Nick Coombes speaks with Gavin Rittmeyer of Martin Automatic about the company’s solutions to this perennial problem
NC: What are the basic issues that cause the problem?
GR: Printers and converters know that controlling tension in a web is essential to the quality of the finished product. Web tension problems can arise from several issues with the unwinding roll. These include deceleration, the action of splicing, and acceleration of a new roll. Out-of-round or unbalanced rolls also cause tension disturbances, even during steady state unwinding.
NC: How can these issues be countered?
GR: Machine designers need to consider the characteristics of the web, the weight of the roll, the mass of the system, and the capability of downstream equipment, often but not always a printing press. They also have to allow for the set tension and tension control requirements of the process, whatever it is. This can be done with a transducer or dancer system.
NC: How does the transducer system work?
GR: Typically, a transducer or load cell system relies on the principle of ‘sense and correct’. It uses a tension-sensing device, like a transducer roller and, through an appropriate control system, attempts to maintain the output of the sensor constant. This type of system has no ‘storage’, and its response-time limits its ability to adjust for rapid changes, so that tension transients are passed along to the process
NC: And the dancer system?
GR: This is our preferred way, with the dancer using the principle of inertia compensation that effectively absorbs tension upsets and delivers constant web tension to the process. This method relies on the principle of ‘establish and maintain’. Tension is established by the dancer, and strictly proportional feedback from its travel is used to maintain the dancer within its stroke. Inertia compensation is achieved by engineering the system components to balance the translational (up and down dancer motion) and rotational (rotating dancer motion) inertias. So, unlike a typical load cell or transducer system, it actually ‘absorbs’ tension disturbances rather than passing them along to the process. The result is consistent web tension.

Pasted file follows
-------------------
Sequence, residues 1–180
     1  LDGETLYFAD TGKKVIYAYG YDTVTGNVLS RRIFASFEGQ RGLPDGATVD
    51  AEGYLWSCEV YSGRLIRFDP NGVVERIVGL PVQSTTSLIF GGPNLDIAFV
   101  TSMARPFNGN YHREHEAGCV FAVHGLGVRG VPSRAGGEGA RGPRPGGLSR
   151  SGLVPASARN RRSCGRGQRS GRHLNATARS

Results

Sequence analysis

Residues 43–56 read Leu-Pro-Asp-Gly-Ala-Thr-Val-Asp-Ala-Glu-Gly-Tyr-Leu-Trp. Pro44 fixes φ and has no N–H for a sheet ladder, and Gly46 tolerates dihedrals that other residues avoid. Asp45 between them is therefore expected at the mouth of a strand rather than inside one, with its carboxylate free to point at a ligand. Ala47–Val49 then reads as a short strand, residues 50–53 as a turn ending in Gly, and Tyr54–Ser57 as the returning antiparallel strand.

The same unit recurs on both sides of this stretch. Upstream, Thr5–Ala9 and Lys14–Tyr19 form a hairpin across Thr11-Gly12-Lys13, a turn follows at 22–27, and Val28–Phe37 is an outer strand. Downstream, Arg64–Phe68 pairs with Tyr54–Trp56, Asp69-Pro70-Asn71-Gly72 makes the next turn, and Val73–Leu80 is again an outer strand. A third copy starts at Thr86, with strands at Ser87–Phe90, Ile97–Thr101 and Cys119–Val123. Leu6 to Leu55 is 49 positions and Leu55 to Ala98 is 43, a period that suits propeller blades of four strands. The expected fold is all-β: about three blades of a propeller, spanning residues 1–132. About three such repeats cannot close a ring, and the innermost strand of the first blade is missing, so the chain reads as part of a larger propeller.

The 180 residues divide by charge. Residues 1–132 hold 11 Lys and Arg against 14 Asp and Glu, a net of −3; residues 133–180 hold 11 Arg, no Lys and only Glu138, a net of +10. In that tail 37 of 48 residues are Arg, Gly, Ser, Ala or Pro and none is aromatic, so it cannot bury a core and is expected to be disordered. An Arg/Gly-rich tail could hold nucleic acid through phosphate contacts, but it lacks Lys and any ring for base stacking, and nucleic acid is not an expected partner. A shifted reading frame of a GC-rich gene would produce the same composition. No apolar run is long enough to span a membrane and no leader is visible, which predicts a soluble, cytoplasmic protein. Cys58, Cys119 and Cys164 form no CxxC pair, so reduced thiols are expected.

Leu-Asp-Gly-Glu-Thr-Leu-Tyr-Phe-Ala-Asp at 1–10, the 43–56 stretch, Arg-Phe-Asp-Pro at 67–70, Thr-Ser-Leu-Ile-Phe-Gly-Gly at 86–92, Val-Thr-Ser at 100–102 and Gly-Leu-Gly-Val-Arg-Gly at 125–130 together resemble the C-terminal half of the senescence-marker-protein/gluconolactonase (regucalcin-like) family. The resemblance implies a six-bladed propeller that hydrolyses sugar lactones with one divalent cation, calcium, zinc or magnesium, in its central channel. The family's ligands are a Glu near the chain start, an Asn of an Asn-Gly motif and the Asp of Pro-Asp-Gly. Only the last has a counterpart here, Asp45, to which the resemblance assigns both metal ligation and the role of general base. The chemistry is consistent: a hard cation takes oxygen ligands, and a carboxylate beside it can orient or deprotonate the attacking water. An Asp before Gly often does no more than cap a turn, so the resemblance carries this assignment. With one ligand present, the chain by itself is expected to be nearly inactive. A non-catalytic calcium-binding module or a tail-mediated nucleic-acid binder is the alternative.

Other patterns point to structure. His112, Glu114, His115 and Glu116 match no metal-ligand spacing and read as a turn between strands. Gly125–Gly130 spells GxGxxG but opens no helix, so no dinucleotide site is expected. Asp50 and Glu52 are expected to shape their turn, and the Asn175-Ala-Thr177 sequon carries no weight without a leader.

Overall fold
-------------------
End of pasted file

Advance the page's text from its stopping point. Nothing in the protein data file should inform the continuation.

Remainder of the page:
NC: This sounds like a simple principle of physics?
GR: It is, and it typifies Martin Automatic’s approach to engineering in that we never seek to complicate that which can be achieved simply using fundamental principles. Over the years, we have introduced inertia compensated tension control devices to the coating, printing, and converting industries, and made a major technical contribution in every case. The concept remains the simplest and most accurate means of delivering constant tension. On the market, and the principle is used for infeed and outfeed tension control systems, as well as Martin’s extensive line of unwinding and splicing systems.
NC: What makes it so special?
GR: Inertia compensation can be applied to any web and virtually all applications. It is especially beneficial in processes that involve lower tensile strength substrates, such as nonwovens and extensible films, where an inertia compensated dancer absorbs tension spikes that could otherwise lead to neck down or permanent deformation of the web. In these instances, customers can easily control tension to within +/- 0.25 pounds (1.1 Newtons) total variation, without the need for any complex control logic.
NC: What does the Martin solution entail?
GR: A Martin zero-speed splicer includes a festoon accumulator that not only supplies web to the process at full speed during the splice cycle, but also utilises inertia compensation to absorb tension upsets. When putting together splicer specifications, Martin engineers can select from several standard festoon configurations with different web storage and acceleration profiles. Depending on the application, some accumulators include a separate inertia compensated dancer to provide infeed-quality tension control to the process.
NC: Does this technology have to be part of the OEM installation?
GR: No, it doesn’t! And this is an important factor because Martin festoon and dancer systems are easy and economical to retrofit, providing a means of increasing the speed of existing processes and improving web handling of lighter or thinner materials. Once again, by using simple principles of physics, we have demonstrated how to improve productivity and become commercially more successful.